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It’s hard to listen to Melissa Gilbert on the phone and not immediately picture that pigtailed girl with the wise smile from Little House on the Prairie on the other end.


Melissa Gilbert (Provided)
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It’s hard to listen to Melissa Gilbert on the phone and not immediately picture that pigtailed girl with the wise smile from Little House on the Prairie on the other end. It can be disconcerting to discover that she has four grown children of her own. Gilbert has a successful film and television career, and she has also published two books.

She took time away from shooting her new show, an action thrill ride with Ryan Phillippe, to talk about her new cookbook, My Prairie Cookbook, her memories of Oklahoma and her love of food. She’d had a day of heavy stunts the previous day — it had her reaching for the ibuprofen — but she broke her back during the tour of Little House on the Prairie: The Musical and said she feels better now than she ever has. She didn’t even know she had broken her back until she went in to get it checked out after the tour was over. What she thought would be a minor injury turned into an ordeal that took several years to fully repair.

“You know, of all the things that hurt [from stunt work yesterday], my back is not one of them,” she said.

Gilbert admits that no matter what she does with her career, she will always be Laura from Little House on the Prairie, and she’s fine with that. She wrote her first book, an autobiography, Prairie Tale: A Memoir, in 2009. And fans clamored for more.

“Writing a cookbook hadn’t occurred to me, but the fans, [they] are the most loyal, growing population, and they wanted more behind-the scenes information,” she said. “It really grew out of that.”

She had planned to do a Little House on the Prairie scrapbook filled with all the pictures she had taken and collected over the years.

“The content was still a little thin to stand on its own,” she said.

The people helping put the project together knew that cooking was one of Gilbert’s passions, and they asked if she had many recipes that characters from the television show would have made. She updated them for modern kitchens and, in some cases, added measuring instructions. In most, she used a combination of muscle memory that she had learned at her grandmother and mother’s kitchen counter.

“I found that I had about 200 ... but the thing about those recipes is they were all in my head,” she said. Only the baked goods had anything like coherent instructions.” With some experimentation and using her family as her tasters — she has a house of five men, four grown sons — she knows when a recipe is a hit. “There is nothing more satisfying for me than when they sit back and say, ‘Mom, that was so good.’ That means I’ve done something right,” she said. “I love the way food brings people together and the ritual of food and spending time with people I love.”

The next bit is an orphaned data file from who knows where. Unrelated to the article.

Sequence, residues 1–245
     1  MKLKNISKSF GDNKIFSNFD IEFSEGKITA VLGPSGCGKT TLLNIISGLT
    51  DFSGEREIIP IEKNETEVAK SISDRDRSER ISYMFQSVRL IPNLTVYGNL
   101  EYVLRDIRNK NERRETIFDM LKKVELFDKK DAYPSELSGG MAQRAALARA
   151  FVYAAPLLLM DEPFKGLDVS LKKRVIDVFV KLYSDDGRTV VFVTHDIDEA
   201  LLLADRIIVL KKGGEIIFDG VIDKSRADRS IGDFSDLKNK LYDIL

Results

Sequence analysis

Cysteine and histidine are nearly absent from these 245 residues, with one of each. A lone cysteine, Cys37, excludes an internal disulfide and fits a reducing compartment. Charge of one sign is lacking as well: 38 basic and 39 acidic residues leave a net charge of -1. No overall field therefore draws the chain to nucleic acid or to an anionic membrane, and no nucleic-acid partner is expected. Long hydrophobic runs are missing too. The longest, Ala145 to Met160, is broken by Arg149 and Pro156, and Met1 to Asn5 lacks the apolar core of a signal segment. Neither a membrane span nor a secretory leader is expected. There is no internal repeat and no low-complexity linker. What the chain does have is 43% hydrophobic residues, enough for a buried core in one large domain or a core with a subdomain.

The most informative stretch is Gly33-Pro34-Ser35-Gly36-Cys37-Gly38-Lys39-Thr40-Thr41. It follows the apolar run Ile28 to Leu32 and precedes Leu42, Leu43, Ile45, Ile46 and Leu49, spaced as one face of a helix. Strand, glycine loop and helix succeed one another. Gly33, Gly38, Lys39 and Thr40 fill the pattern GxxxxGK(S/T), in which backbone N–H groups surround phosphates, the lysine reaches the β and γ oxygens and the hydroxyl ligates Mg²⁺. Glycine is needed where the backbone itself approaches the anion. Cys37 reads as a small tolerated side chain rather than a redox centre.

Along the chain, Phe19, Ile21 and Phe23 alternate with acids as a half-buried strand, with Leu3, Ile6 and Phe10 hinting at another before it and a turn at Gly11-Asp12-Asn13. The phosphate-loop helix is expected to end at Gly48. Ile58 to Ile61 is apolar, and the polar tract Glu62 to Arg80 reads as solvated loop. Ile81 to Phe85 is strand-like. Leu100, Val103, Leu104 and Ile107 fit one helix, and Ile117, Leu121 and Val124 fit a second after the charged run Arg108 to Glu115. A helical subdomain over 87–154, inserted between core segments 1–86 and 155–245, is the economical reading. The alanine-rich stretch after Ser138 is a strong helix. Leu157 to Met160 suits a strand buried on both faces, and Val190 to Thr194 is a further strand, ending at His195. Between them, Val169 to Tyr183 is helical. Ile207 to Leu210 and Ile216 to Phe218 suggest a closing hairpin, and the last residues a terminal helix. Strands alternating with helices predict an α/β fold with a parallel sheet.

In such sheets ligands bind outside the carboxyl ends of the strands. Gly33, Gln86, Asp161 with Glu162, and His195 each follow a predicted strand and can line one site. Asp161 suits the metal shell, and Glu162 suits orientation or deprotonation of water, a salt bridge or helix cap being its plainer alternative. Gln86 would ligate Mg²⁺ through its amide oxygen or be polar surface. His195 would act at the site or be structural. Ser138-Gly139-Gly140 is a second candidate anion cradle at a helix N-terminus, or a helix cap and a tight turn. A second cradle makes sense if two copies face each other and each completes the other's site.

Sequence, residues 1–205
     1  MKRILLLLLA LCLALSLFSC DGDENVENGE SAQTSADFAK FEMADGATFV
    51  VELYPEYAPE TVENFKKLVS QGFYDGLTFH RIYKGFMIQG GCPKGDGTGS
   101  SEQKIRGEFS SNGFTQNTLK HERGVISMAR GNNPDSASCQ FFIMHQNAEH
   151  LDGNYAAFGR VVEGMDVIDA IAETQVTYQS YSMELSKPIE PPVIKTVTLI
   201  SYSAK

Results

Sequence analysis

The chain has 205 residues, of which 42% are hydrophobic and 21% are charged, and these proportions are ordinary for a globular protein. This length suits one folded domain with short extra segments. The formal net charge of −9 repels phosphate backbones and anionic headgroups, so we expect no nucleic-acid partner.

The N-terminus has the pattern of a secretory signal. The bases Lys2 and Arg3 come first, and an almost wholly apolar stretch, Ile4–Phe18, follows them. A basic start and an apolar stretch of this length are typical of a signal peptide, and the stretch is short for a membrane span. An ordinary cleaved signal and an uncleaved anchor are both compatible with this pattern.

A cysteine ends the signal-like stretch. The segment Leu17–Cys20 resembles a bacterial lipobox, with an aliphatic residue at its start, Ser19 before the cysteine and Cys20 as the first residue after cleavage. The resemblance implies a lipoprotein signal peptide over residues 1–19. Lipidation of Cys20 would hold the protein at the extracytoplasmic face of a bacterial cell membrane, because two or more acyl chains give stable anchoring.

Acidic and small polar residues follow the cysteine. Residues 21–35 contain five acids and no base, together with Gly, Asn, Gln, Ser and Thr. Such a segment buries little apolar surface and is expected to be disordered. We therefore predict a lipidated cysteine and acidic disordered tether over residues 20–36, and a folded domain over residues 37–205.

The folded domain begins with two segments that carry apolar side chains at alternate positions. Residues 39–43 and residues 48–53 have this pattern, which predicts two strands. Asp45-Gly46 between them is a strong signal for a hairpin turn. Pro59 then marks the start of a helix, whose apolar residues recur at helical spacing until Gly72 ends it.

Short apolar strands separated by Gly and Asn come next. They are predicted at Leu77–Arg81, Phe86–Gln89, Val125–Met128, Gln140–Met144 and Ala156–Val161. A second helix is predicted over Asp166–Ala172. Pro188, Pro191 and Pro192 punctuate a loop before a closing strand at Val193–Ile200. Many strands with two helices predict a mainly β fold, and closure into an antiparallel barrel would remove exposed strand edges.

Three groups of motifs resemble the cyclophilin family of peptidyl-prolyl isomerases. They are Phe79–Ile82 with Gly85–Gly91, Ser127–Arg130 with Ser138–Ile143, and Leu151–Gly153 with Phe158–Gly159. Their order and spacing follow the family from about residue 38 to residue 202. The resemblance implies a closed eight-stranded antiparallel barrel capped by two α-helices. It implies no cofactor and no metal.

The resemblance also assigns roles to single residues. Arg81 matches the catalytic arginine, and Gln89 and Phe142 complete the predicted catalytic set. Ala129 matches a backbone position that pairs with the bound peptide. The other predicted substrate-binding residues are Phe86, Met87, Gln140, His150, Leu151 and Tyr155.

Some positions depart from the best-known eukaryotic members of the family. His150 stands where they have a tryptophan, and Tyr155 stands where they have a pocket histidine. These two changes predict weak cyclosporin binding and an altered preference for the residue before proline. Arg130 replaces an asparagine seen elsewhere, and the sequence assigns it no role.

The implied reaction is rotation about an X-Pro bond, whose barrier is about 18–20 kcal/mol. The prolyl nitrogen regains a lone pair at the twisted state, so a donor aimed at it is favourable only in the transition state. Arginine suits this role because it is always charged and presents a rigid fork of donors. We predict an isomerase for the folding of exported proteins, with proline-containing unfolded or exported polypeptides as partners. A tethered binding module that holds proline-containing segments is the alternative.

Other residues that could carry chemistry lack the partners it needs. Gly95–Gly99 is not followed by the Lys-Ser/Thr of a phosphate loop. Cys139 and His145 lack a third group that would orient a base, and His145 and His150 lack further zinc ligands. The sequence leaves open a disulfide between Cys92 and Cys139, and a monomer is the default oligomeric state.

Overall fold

Melissa Gilbert book signing

1 p.m. Sunday

Full Circle Bookstore

1900 Northwest Expressway


Gilbert’s memories of Oklahoma City

In 1975, Little House on the Prairie won Best Fictional Television Drama at the Western Heritage Awards, an annual awards ceremony held by the National Cowboy and Western Heritage Museum. It was Gilbert’s first visit to Oklahoma. She was 11 years old.

“I remember that Oklahoma greatly resembled parts of California, where we filmed the show, and that the people were so very nice,” she said.

In 1998, Gilbert was inducted into the Hall of Great Western Performers at the National Cowboy and Western Heritage Museum for her work in Little House on the Prairie and Little House on the Prairie: The Musical Tour.

Other inductees include Gene Autry and Oklahomans Reba McEntire and James Garner.

In 2009, while touring with the musical, she visited the Oklahoma City Museum of Art and fell in love with glassblower Dale Chihuly’s work.

“I had never seen anything like Chihuly before, and by the end of the tour, I was in the gift shop, buying every last piece,” she said.

While visiting OKC shortly after the bombing of the Alfred P. Murrah Federal Building, Gilbert befriended Kathy Sanders, an Oklahoma woman who lost her two grandsons that day. Sanders became a vocal activist and advocate for those affected by the bombing. Gilbert and Sanders became lifelong friends, and Gilbert has been working to tell her story. She hopes to portray Sanders in a film about Sanders’ investigation of the bombing but might also direct the biopic. 

Print headline: Prairie kitchen; Melissa Gilbert has come a long way from Little House on the Prairie and has even published a new cookbook.

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